EU Computing Project begins to Build
Feb 02 2019 Read 391 Times
A collaboration of 10 international partners from academia and industry are pursuing a research project to build a high-performance quantum computer which will be available to a broad community of users. OpenSuperQ, coordinated by Saarland University in Germany, is part of the EU’s unprecedented €1 billion Flagship initiative on Quantum Technology.
In order to catalyse the transfer of quantum computing research from the lab to the market, the collaborative project has adopted an open approach to serve a large community of early adopters and educate the next generation of quantum scientists, developers and users.
Jonas Bylander, Associate Professor at the Quantum Technology Laboratory at Chalmers University of Technology and one of the principal investigators in OpenSuperQ said: “Building a quantum computer with 100 qubits is a very ambitious and difficult task. By joining forces in Europe and contributing with our respective expertise, the task will be easier to solve.”
The expertise of Chalmers lies mainly in the smallest building blocks of a quantum computer, the superconducting qubits. Over the years, the University has made many contributions to developing the field, coordinated several EU projects through Professor Göran Wendin and is leading the Wallenberg Centre for Quantum Technology, the major Swedish effort of engineering a quantum computer.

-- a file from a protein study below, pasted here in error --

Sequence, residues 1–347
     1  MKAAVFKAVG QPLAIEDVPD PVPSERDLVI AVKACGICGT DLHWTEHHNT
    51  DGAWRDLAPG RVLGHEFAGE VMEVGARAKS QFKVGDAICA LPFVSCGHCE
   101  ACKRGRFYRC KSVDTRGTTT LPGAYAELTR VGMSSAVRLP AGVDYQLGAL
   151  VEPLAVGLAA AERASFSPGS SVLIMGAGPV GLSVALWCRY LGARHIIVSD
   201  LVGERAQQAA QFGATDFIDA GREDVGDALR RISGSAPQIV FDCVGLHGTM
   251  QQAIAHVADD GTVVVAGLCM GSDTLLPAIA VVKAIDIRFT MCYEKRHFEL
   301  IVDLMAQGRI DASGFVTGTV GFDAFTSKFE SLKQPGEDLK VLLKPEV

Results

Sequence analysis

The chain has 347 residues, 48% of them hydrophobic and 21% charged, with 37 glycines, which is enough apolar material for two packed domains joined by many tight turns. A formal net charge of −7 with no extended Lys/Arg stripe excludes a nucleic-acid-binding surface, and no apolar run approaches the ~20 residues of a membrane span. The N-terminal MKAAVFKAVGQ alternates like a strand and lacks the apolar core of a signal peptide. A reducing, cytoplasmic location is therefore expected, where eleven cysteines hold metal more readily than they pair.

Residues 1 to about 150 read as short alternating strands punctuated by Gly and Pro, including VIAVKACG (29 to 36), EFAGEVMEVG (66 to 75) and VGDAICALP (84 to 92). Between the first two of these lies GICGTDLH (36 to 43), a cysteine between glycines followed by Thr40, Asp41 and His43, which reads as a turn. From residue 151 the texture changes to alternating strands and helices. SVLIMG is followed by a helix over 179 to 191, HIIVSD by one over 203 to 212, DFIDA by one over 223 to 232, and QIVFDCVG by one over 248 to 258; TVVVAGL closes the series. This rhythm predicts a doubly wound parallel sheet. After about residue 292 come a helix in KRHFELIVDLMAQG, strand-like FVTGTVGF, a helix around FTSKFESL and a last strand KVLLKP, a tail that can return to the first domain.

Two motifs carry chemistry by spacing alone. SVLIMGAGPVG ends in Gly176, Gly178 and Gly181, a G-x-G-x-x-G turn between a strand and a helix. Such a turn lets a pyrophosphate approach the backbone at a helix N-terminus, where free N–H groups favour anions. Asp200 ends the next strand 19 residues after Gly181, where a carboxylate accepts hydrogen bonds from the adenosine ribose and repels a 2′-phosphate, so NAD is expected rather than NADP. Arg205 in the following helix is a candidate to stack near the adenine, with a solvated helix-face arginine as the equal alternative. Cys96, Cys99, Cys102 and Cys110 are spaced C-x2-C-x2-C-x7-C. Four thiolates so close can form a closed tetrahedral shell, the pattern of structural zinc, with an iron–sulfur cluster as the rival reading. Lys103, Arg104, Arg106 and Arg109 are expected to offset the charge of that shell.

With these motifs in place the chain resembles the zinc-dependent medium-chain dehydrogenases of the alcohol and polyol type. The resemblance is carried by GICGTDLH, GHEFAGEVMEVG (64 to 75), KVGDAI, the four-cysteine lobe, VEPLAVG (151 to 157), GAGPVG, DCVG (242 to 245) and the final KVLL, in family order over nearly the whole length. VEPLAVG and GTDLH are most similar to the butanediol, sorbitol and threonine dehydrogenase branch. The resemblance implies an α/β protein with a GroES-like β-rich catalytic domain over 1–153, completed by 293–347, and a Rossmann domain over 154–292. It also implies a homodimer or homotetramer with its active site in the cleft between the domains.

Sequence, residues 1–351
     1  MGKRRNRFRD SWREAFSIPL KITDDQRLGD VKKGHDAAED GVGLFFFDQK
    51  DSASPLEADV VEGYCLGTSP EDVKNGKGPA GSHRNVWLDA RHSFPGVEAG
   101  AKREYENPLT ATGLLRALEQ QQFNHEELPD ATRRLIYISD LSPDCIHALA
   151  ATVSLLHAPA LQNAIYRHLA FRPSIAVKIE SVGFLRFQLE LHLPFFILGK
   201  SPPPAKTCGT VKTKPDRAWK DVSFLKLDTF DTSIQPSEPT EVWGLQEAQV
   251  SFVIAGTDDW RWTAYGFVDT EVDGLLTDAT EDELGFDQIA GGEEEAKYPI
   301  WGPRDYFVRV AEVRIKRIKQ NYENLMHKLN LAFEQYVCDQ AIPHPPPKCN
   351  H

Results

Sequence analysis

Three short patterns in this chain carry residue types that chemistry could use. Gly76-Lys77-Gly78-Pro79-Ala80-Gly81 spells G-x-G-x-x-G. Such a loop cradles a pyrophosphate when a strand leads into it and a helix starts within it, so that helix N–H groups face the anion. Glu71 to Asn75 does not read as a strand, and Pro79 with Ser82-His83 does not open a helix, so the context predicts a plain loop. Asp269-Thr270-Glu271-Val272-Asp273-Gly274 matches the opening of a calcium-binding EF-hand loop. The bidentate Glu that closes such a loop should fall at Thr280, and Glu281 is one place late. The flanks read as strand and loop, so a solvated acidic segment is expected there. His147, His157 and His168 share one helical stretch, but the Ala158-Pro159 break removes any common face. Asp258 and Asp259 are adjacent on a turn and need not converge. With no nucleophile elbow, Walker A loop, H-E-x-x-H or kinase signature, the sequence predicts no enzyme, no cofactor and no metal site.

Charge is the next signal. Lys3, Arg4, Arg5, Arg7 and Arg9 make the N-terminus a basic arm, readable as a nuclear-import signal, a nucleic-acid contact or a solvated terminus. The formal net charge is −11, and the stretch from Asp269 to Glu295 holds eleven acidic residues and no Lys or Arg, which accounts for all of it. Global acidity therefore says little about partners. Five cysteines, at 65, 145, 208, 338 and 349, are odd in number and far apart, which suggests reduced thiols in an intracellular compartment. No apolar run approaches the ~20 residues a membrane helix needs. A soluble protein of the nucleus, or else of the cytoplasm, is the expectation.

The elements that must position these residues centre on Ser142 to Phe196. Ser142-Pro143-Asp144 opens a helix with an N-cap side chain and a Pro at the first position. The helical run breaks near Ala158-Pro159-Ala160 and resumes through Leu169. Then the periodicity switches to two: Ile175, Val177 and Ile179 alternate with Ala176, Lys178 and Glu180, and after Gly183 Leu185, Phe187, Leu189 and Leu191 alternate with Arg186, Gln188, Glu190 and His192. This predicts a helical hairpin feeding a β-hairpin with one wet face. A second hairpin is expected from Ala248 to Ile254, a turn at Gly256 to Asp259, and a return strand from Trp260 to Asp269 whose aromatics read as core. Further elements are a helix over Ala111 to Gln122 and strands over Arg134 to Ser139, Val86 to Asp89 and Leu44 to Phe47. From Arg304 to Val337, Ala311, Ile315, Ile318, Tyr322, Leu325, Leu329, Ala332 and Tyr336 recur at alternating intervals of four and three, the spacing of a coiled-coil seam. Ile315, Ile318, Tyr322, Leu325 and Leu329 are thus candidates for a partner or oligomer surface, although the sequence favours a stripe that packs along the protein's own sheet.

“We are fortunate to have gathered a team of the most renowned players in the field bringing together science, engineering and application development at the highest level,” says Professor Frank Wilhelm-Mauch from the Physics Department of Saarland University who coordinates the project.
The OpenSuperQ system will be located at the supercomputer centre at Forschungszentrum Jülich in Germany. The hardware will be based on superconducting integrated circuits and contain the necessary technological infrastructure, including a control system and cryogenics. The software stack will be integrated, from user access all the way to low-level control.
While designed as an all-purpose quantum computer, the project will be particularly targeting applications for quantum simulation in chemistry and materials science as well as for optimisation and machine learning. The computer will be among the leading platforms in the world and the first of its kind developed in Europe.
OpenSuperQ receives funding from the current EU Research Framework Programme Horizon 2020 and will run for an initial period of three years.
For more information, please visit opensuperq.eu
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